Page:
3. Document in patient’s record the alleged misconduct, the category of licensure, and approximate dates of treatment with that provider.

[NOTE: This statute does not require providers to report. Instead, it requires providers to INFORM PATIENT HOW TO REPORT provider misconduct, and to document as described. This statute applies whether or not the provider will be making a legally-required report [e.g., as legally required by statutes described on this page; or as legally required by licensing board regulations (see chart) ); or if provider is reporting voluntarily with the patient’s consent when no report is legally required.]
Timing: “upon learning of evidence that indicates a reasonable probability that another mental health provider is or may be guilty of a violation of standards of conduct as defined in statute or regulation”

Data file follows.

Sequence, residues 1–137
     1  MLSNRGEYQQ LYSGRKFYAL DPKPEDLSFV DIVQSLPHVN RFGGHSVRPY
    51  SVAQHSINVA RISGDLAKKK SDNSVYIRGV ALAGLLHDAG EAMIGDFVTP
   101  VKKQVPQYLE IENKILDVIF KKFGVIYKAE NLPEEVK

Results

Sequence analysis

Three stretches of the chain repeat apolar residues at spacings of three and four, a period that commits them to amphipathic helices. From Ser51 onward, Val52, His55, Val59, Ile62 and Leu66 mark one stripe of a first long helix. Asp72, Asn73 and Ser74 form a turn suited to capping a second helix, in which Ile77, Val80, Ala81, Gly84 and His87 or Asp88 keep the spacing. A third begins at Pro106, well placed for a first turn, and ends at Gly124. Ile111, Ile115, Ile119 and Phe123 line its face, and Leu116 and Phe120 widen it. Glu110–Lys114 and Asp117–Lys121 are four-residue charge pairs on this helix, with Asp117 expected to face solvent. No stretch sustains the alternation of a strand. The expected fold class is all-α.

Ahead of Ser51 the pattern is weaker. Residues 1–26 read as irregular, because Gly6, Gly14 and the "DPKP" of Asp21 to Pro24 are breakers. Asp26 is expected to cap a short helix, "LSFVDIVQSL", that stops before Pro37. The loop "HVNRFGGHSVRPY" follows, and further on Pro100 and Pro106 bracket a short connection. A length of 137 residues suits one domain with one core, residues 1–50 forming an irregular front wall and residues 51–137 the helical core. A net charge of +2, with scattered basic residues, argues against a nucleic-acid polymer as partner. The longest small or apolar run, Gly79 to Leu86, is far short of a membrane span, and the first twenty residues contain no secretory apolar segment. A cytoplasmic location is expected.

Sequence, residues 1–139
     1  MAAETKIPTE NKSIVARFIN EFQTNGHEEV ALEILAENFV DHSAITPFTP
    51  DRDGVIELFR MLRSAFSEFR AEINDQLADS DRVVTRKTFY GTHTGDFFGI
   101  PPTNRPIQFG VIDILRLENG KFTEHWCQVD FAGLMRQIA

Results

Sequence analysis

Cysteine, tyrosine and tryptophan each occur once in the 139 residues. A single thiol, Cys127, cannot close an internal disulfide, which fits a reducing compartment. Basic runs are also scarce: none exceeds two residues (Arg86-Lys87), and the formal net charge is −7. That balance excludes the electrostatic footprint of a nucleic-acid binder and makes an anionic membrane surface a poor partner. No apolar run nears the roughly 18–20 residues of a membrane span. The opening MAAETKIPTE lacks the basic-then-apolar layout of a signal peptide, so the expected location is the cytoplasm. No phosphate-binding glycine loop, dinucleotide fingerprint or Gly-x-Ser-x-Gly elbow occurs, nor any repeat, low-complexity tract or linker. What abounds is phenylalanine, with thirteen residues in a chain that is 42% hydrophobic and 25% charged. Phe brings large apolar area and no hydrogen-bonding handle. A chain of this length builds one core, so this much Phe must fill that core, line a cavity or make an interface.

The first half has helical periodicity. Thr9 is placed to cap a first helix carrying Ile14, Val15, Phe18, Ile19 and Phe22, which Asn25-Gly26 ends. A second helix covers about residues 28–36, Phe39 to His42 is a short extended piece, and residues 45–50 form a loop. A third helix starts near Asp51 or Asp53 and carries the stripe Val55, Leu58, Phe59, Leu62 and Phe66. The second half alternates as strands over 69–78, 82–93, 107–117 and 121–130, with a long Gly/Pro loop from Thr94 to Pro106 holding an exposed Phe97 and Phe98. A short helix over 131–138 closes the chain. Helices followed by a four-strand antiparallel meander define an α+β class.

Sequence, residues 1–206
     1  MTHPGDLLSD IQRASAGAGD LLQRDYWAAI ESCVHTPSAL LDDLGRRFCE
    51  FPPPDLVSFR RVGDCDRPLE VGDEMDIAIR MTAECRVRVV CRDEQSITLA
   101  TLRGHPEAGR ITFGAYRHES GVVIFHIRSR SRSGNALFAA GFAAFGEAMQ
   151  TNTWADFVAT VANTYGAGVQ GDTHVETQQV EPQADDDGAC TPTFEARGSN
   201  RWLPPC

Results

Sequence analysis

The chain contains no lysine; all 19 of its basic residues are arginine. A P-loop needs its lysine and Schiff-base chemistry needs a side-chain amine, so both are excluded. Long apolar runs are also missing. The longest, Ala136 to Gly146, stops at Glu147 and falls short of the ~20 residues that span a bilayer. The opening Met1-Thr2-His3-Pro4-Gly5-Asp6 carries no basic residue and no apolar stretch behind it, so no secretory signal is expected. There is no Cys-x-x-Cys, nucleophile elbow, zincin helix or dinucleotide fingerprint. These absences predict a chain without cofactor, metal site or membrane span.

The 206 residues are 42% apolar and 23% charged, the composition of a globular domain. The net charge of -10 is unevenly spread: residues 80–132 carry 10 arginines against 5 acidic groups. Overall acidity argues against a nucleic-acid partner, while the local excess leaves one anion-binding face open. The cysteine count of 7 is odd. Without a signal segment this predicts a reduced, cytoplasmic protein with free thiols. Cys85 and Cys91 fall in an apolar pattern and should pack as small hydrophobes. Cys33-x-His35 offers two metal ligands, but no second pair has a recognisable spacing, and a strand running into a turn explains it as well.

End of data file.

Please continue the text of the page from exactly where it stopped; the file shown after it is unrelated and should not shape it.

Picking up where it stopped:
Penalty:civil penalty not to exceed $100.
Immunity “unless acted in bad faith or with malicious intent.”
§ 54.1-2400.6 Mental Health Care Provider
in psychiatric hospitalization:
Chief of staff of hospitals must report if a health professional is in need of treatment or is committed or admitted as a psychiatric patient, or undergoes disciplinary action by hospital for unprofessional conduct.
Report must be sent in writing to the Director of the Dept. of Health Professions, giving the name and address of the person who is the subject of the report and shall fully describe the circumstances surrounding the facts required to be reported. Timing: within 5 days.